Virginia flexed its versatility on offense in Saturday’s blowout 42-14 victory over Illinois. Seven different players got carries in the rushing game, while ten players recorded receptions, including starting quarterback Brennan Armstrong.
Through the first two games of the season, five players on the UVA roster who were originally recruited as quarterbacks have been involved in the rushing game, the receiving game, or both.
Brennan Armstrong threw for 405 yards and five touchdowns against Illinois, but also ran the ball five times for 32 yards and had one reception on a trick play - Armstrong handed the ball off to Jacob Rodriguez (a freshman quarterback), who pitched the ball in a reverse to receiver Dontayvion Wicks who threw it to Armstrong on the backside for 18 yards.
Keytaon Thompson, who transferred from Mississippi State before the 2020 season as a quarterback, has made the full transition into the designation of “football player” on the depth chart. Thompson had four carries for 24 yards and a touchdown, as well as five receptions for 68 yards against Illinois.
Ira Armstead, who is listed as the backup quarterback on the depth chart, had four carries and a reception in the game on Saturday.
Jacob Rodriguez, who is the fourth-string quarterback, was involved in the trick play versus Illinois and had three rushing attempts for 31 yards in the season-opener against William & Mary.
Even Jelani Woods, who had a monster performance at tight end on Saturday with five receptions for 122 yards and a touchdown, was a highly-recruited quarterback out of high school.
The idea of utilizing quarterbacks as versatile athletes in the offense goes all the way back to Bronco Mendenhall’s time as head coach at BYU, when Taysom Hill became prototype #1 for dual-threat quarterbacks and for using quarterbacks in other roles in an offense.
“With Taysom, he was a great runner, probably the best athlete on our team running the ball. He was the best thrower. He was probably the best receiver or tight end or running back,” Mendenhall said. “And so this thought of “what if there was someone else that could throw it to him? Why does he have to play quarterback every play? Or if we have someone else that’s anywhere similar, why do they have to just watch until we need another quarterback?”
Hill threw for 6,929 yards and 43 touchdowns and also ran for 2,815 yards and 32 touchdowns in his career at BYU from 2012 to 2016. He went undrafted in the 2017 NFL draft and eventually landed with the New Orleans Saints heading into the 2018 season. The Saints listed Hill as the third-string quarterback but have used him at a variety of positions throughout the past three seasons, including as a kickoff returner, running back, and tight end.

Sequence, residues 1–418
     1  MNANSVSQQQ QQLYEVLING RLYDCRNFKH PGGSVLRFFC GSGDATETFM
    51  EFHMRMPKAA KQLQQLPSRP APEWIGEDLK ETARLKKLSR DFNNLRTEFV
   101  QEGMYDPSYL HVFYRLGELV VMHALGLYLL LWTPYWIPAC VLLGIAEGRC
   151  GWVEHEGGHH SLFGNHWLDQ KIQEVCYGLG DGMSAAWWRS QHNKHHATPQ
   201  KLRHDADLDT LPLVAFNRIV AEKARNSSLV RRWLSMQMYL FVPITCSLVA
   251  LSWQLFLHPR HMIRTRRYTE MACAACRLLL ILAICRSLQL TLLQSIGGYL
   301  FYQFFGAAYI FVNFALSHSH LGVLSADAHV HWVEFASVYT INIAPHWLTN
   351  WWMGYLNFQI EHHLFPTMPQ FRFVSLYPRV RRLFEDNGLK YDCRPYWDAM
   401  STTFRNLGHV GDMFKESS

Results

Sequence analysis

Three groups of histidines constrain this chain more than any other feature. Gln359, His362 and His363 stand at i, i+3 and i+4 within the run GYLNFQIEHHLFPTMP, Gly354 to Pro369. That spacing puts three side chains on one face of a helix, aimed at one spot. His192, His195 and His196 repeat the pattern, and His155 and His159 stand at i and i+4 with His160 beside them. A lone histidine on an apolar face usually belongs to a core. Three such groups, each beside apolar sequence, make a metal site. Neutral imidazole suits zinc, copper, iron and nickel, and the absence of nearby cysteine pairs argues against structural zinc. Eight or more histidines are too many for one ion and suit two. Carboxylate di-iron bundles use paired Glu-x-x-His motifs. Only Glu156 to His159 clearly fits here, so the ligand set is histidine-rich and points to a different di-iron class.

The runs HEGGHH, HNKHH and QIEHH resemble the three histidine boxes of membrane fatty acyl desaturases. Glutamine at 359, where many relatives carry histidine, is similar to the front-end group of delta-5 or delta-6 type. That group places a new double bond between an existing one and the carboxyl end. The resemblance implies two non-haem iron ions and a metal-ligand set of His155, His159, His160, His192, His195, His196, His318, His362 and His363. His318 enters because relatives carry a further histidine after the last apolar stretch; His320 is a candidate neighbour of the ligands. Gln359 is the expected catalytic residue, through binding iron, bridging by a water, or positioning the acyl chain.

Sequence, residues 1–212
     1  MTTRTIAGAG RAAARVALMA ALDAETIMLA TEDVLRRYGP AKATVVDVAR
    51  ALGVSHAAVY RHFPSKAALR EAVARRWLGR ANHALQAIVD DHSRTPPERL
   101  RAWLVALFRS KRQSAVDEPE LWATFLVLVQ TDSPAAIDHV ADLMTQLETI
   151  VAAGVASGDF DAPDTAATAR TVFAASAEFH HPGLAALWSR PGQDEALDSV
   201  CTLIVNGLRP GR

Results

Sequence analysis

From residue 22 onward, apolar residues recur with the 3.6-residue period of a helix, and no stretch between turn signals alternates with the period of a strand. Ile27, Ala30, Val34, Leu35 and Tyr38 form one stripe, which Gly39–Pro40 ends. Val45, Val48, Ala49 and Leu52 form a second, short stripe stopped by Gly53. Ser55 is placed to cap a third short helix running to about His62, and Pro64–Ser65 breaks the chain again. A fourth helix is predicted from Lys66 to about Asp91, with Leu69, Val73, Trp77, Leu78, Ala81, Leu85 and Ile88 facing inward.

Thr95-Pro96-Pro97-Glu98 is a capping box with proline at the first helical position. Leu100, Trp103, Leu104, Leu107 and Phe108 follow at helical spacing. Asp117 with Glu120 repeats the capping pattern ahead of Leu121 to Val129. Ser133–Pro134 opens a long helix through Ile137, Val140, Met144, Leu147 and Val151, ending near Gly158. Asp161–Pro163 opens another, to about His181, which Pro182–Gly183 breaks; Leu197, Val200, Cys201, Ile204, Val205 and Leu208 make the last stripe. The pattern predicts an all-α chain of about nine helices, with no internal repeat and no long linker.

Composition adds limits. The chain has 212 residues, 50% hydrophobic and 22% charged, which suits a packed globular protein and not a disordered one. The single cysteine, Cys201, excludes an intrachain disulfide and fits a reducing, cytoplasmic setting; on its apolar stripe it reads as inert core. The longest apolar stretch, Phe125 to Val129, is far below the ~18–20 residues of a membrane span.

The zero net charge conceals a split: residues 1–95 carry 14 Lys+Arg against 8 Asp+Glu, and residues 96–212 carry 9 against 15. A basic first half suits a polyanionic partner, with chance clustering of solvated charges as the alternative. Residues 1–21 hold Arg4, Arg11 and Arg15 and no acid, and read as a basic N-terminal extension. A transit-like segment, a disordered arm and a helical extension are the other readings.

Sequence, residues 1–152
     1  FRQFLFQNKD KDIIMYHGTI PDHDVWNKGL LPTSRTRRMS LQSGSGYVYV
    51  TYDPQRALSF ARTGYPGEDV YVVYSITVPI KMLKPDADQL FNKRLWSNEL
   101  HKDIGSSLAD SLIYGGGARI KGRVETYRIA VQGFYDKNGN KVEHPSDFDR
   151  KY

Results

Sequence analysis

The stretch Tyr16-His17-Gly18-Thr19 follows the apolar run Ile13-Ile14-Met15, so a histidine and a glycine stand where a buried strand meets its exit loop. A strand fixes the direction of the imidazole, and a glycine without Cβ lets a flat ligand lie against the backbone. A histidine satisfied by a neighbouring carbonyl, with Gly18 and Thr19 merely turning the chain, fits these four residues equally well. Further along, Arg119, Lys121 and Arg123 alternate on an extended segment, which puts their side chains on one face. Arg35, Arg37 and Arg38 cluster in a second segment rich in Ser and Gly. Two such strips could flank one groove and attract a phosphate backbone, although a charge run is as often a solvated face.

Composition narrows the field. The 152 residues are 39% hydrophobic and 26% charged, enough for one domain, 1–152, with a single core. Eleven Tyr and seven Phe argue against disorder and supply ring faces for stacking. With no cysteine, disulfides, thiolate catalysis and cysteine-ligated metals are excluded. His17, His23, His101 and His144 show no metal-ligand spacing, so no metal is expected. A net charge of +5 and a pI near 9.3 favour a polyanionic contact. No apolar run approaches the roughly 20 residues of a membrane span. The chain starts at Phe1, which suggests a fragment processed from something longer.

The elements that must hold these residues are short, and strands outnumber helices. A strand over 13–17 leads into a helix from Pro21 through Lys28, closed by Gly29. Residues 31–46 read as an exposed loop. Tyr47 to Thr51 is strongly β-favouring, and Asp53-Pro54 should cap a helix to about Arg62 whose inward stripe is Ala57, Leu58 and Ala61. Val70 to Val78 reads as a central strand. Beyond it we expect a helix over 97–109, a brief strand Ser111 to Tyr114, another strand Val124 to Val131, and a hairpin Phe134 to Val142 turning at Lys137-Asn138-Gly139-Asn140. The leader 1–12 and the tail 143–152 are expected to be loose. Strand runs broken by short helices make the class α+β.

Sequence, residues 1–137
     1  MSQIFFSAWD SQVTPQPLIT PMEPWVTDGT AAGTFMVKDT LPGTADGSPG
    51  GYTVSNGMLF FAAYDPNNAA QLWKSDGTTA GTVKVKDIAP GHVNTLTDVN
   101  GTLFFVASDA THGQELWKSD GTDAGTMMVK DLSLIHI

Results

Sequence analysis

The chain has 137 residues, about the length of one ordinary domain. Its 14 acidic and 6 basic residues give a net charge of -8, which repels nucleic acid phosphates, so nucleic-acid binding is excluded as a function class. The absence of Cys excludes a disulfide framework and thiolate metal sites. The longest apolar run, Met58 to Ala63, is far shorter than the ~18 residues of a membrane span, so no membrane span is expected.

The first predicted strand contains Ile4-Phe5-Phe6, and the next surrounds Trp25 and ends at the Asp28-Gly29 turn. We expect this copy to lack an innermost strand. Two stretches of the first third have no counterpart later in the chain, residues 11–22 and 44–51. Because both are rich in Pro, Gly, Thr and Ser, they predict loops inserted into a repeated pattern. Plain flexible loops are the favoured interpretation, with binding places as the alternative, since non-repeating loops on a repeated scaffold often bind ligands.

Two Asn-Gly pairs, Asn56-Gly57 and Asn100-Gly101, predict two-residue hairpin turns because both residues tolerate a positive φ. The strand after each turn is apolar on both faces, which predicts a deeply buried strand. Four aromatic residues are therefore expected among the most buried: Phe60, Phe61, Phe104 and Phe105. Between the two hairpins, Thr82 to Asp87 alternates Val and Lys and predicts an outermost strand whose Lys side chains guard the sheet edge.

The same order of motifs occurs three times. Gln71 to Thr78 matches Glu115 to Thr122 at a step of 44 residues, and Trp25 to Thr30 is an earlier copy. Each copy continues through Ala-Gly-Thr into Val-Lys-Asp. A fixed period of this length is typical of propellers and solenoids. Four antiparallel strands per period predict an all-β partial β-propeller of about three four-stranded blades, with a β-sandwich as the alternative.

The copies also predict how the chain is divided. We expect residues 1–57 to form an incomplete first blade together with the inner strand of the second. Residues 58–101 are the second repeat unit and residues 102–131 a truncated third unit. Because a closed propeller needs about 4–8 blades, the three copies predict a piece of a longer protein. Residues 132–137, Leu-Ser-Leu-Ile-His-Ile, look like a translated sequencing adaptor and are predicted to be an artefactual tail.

Sound familiar? It should.
Bronco Mendenhall has effectively applied the Taysom Hill model to the UVA offense in the past few years. Bryce Perkins and Brennan Armstrong have completely embodied the idea of the dual-threat quarterback, leading the Cavalier offense in both passing and rushing. After transferring from Mississippi State, Keytaon Thompson transformed from a quarterback into the “Swiss Army Knife” football player that has been so effective in the past couple of years that Mendenhall is now looking for other quarterbacks to play a similar role.
“And coming to Virginia, and it has been evolving over time, just looking at what resources do we have, who can we bring to UVA,” Mendenhall said. “And most of the time, the best high school football players are playing quarterback… and so as many of those guys as we can get, while we are training and developing them to be quarterbacks, they just really seem to have a great feel for the game. And they’ve probably thrown and caught more balls than any other position from youth sports all the way on. And so we’re just letting them play football.”
Players like Ira Armstead and Jacob Rodriguez are learning that they can play meaningful snaps in important roles in the Virginia offense, despite losing the starting quarterback battle. In an era of college football in which a talented player usually transfers to another school if he does not win the starting quarterback position, this system is paying huge dividends for the UVA football program in terms of retaining talented athletes and putting them on the field as often as possible.
Not to mention the fact that having so many players on the field at the same time who each pose a threat to throw, carry, or catch the ball on any given play poses serious challenges to opposing defenses.
“It just puts pressure on them to decide what they want to do,” quarterback Brennan Armstrong said. “you don't know what's really going to happen, you don't know how they're going to address it. I mean it just puts a lot of pressure on the players out there to quickly make a decision on what they want to do.”
As a former defensive coordinator, Mendenhall noted that the unpredictability of Virginia’s offense will make the preparation process much more difficult for opponents before they face UVA.
“We all have the same amount of time and it's a race. And if you can't name something, it's harder to have the resources to prepare for it,” said Mendenhall.
Keytaon Thompson believes that the sky's the limit this year for the Virginia offense, which has totaled over 1,100 yards and scored 85 points through the first two games of the season.
“We just have a lot of playmakers all over the place and I really feel like we can be a special offense this year with the plethora of weapons that we have,” Thompson said after the victory over Illinois. “I think we can be one of the most explosive offenses in the country.”
That offense will be put to the test when the Cavaliers hit the road for a primetime matchup in Chapel Hill against North Carolina on Saturday night.